Those bastions of supposed establishment wisdom, such as The Spectator, were chortling and derisive. Toby Young was keen to highlight how purchasing vegan baguettes at Pret a Manger was inconsistent with anti-capitalist protest. He also expressed, at least initially, concern at how law enforcement authorities had, generally speaking, been models of restraint before XR enthusiasts. Had there been “a group of Catholic nuns protesting about changes to the Gender Recognition Act, the riot squad would have been straight with the tear gas.” For Young, it was good to laugh at these modern millenarians infused with the spirit of apocalyptic terror.

The issue of celebrity encrustation, however, was bound to come by and find voice. And the engine room of entertainment turns the moral message, however hypocritical, into entertainment. Bite the hand that feeds you and call it a show. Having anticipated the rage, the celebrity big wigs have turned vice into a virtue. An open letter with a hundred names or so, from Sir Bob Geldof to Sienna Miller, took to the barricades and distribution channels with an open letter of affected contrition.  “Dear journalists who have called us hypocrites. You’re right. We live high carbon lives and the industries that we are part of have huge carbon footprints.”

What matters is the broad church of hypocrisy. “Like you – and everyone else – we are stuck in this fossil-fuel economy and without systemic change, our lifestyles will keep on causing climate and ecological harm.”

Those behind the letter stressed the speed of change as their concern. “Climate change is happening faster and more furiously than was predicted. Millions of people are suffering, leaving their homes and arriving on our border as refugees.” Children, through the voice of Greta Thunberg, had also called upon “the people with power and influence, to stand up and fight for their already devasted future.” (Rather cocksure are these celebrities, they, who wield such, as yet unmeasured influence).

Unlike those critical journalists, the signatories cannot help but be just a touch smug. There was “a more urgent story that our profiles and platforms can draw attention to. Life on earth is dying. We are living in the midst of the 6th mass extinction.”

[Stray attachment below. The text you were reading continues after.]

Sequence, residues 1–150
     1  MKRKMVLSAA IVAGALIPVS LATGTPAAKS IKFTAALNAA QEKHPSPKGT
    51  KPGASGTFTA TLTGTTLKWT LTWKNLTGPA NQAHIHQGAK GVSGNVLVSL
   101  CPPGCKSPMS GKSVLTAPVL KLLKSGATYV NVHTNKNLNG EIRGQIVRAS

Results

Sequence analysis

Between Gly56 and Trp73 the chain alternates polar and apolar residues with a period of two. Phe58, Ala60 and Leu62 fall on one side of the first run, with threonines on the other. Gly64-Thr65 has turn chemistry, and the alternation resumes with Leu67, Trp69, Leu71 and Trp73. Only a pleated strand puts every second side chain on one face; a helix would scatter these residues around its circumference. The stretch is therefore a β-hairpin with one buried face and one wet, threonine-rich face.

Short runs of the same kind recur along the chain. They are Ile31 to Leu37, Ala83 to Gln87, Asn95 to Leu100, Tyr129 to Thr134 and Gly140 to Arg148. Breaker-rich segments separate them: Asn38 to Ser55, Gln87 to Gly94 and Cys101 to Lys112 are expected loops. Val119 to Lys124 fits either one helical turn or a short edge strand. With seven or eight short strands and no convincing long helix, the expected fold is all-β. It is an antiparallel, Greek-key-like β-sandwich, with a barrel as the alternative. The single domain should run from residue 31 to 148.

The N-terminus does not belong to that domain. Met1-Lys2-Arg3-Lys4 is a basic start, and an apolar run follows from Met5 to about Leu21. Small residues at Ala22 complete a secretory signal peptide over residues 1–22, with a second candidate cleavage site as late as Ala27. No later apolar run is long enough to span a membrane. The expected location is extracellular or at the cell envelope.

Much, and in some cases too much, can be made about the celebrity activist who undercuts the argument. “None of us,” explained Sarah Lunnon of Extinction Rebellion, “is perfect.” The argument is still worth making, and publicity still worth having. Unfortunately for the likes of Cumberbatch, the gravity of such messages can be obscured by the person as label. In revolution, becoming a label is not only counterproductive but deadly. Protestors like Kingston can just hold their head that much higher.

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Book Review: Surviving the 21st Century

Surviving the 21st Century Humanity’s Ten Great Challenges and How We Can Overcome Them is Julian Cribb’s latest book. I was halfway through Chapter Two when I thought, “This book should be mandatory reading for every politician around the globe.” Everyone, politician or not, can benefit and learn from the insights and information Cribb shares with us.

Cribb takes complex global issues and distills them into a crystal clear picture of where we currently stand. Surviving the 21st Century will not be as easy as our leaders would have us believe. After my thought of required reading for politicians, I read the dustjacket reviews. I know, I know – odd timing, convention suggests I should have read them first, but I prefer to make up my own mind.

One of the dustjacket reviews by Professor Clive Hamilton, author of Requiem for a Species and Earthmasters: